Peter Hamlington

Peter Hamlington

Associate Professor

University of Colorado Boulder

Dr. Peter Hamlington is an Associate Professor, Associate Chair, and Vogel Faculty Fellow in the Paul M. Rady Department of Mechanical Engineering at the University of Colorado, Boulder (CU). Dr. Hamlington also has a courtesy appointment in the Department of Aerospace Engineering Sciences at CU and a joint appointment at the National Renewable Energy Laboratory in Golden, CO. Research in his group, the Turbulence and Energy System Laboratory, is focused on understanding and modeling turbulent flows in both engineering and geophysical problems using large eddy and direct numerical simulations. Dr. Hamlington and his group have used numerical simulations for the study of a broad range of applications, including unsteady, boundary layer, chemically reacting, and oceanic flows, as well as boundary layer flows relevant to renewable energy systems. The primary emphasis in many of these studies has been to understand fundamental flow physics and to use the resulting insights for the development of physically accurate, computationally efficient models for large-scale simulations of real-world problems, as well as for optimization, parameter estimation, and uncertainty quantification. Dr. Hamlington has a BA in Physics from the University of Chicago and MS and PhD degrees in Aerospace Science from the University of Michigan, Ann Arbor.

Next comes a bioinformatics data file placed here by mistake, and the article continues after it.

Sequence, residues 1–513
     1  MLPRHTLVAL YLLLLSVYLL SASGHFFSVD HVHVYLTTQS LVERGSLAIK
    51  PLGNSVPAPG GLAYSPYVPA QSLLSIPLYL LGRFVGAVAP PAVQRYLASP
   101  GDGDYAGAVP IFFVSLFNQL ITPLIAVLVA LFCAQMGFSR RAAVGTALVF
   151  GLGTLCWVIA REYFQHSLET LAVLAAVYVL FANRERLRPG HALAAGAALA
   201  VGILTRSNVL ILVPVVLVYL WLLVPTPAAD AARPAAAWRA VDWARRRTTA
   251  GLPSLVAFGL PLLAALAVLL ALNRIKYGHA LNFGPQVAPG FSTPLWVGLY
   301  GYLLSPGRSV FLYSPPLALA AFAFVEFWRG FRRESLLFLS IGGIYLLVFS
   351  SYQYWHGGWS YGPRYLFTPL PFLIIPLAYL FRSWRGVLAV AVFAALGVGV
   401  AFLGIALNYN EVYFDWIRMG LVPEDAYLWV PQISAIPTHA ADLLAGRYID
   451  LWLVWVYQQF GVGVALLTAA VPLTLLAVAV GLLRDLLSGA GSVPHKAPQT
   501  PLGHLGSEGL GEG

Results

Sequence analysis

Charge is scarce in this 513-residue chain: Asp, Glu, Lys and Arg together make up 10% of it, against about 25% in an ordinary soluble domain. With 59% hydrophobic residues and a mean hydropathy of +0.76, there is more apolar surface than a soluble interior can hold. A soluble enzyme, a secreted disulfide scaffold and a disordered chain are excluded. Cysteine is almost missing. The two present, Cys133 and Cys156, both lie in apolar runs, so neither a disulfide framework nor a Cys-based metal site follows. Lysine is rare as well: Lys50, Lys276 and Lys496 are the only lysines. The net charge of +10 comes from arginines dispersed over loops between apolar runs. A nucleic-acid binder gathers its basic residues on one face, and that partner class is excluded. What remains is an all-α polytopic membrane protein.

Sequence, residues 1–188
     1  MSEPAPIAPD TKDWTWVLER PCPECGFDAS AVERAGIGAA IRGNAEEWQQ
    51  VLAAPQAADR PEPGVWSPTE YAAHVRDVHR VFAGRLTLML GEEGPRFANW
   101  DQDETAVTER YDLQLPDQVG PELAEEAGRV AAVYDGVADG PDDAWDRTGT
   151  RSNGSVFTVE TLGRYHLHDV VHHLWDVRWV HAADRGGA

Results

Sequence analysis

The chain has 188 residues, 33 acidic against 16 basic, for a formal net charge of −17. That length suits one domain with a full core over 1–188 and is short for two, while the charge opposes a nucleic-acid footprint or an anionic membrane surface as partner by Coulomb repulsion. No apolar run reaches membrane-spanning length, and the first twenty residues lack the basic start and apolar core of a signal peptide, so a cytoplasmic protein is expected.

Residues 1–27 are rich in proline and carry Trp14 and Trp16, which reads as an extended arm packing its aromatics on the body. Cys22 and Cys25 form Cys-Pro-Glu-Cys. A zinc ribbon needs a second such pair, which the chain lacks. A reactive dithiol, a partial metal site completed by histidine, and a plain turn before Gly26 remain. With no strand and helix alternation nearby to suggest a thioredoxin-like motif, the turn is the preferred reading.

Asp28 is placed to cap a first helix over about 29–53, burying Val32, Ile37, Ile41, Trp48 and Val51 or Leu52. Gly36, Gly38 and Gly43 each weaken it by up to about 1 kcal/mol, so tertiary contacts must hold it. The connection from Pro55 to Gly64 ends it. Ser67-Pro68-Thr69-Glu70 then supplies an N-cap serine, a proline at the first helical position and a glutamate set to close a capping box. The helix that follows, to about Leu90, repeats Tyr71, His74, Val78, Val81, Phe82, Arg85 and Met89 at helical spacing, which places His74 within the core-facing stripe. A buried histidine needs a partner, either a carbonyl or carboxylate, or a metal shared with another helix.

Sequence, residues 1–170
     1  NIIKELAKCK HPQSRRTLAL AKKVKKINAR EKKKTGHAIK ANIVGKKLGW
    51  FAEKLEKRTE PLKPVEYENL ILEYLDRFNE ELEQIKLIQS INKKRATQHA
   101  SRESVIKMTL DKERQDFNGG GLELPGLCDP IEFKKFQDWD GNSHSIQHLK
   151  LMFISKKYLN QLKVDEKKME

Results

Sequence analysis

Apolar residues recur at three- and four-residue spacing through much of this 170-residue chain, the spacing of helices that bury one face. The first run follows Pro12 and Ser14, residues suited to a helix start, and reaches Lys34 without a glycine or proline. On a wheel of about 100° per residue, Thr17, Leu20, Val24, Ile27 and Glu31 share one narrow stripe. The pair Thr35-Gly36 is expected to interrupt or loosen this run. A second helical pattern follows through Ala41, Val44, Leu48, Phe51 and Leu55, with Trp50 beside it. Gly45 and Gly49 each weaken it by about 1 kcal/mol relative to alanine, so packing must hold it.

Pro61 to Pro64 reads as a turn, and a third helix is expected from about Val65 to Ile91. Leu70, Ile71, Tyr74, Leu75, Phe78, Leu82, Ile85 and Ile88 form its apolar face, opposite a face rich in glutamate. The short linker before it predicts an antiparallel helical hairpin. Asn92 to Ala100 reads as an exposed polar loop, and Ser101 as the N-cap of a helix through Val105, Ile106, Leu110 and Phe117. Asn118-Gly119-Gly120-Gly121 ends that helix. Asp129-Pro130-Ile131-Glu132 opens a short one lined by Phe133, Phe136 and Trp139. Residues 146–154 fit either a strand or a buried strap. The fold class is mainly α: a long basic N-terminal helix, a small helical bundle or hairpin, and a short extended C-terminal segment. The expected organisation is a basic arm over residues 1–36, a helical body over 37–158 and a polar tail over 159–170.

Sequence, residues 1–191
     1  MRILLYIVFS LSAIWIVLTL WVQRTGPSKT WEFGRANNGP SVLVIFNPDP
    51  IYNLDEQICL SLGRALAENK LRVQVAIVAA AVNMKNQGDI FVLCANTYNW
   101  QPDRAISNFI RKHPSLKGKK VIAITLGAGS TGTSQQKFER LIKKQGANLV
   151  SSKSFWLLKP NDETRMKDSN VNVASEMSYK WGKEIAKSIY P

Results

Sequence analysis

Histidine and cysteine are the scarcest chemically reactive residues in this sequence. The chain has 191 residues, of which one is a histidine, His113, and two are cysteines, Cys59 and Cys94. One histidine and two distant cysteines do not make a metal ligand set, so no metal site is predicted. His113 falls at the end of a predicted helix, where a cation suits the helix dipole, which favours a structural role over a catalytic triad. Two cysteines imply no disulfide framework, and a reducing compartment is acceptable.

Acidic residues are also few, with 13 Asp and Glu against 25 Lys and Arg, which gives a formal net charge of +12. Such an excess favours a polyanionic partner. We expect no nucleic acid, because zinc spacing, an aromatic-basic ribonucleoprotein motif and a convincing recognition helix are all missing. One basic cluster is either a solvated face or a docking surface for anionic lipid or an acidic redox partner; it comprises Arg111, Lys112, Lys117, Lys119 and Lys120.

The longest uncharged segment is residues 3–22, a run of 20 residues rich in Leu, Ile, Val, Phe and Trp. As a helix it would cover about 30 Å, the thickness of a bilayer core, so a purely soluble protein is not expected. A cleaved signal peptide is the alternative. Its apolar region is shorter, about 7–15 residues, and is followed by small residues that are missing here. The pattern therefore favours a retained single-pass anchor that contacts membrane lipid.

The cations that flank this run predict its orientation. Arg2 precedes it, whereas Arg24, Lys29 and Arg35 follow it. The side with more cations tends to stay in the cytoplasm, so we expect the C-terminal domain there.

Fire dynamics , High-speed combustion , Industrial systems , Ocean biogeochemistry , Turbulent flows , Wind energy


  • Turbulent flows
  • Combustion
  • Geophysical turbulence
  • Computational fluid dynamics
  • Outer loops


  • Ph.D., Aerospace Science, 2009

    University of Michigan

  • M.S., Aerospace Science, 2005

    University of Michigan

  • B.A., Physics, 2004

    University of Chicago



(2012). Multiscale simulations of Langmuir cells and submesoscale eddies using XSEDE resources. Proceedings of the 1st Conference of the Extreme Science and Engineering Discovery Environment on Bridging from the eXtreme to the campus and beyond - XSEDE ‘12.

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(2011). Intermittency and Premixed Turbulent Reacting Flows. 49th AIAA Aerospace Sciences Meeting including the New Horizons Forum and Aerospace Exposition.

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(2009). Computational Validation of New Reynolds Stress Closure for Nonequilibrium Effects in Turbulent Flows. 47th AIAA Aerospace Sciences Meeting including The New Horizons Forum and Aerospace Exposition.

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